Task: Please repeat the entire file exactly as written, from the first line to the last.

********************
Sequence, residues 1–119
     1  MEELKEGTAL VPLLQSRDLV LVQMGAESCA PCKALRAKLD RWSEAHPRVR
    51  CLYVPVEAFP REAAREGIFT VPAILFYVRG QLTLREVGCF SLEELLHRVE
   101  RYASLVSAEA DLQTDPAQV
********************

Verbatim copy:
Sequence, residues 1–119
     1  MEELKEGTAL VPLLQSRDLV LVQMGAESCA PCKALRAKLD RWSEAHPRVR
    51  CLYVPVEAFP REAAREGIFT VPAILFYVRG QLTLREVGCF SLEELLHRVE
   101  RYASLVSAEA DLQTDPAQV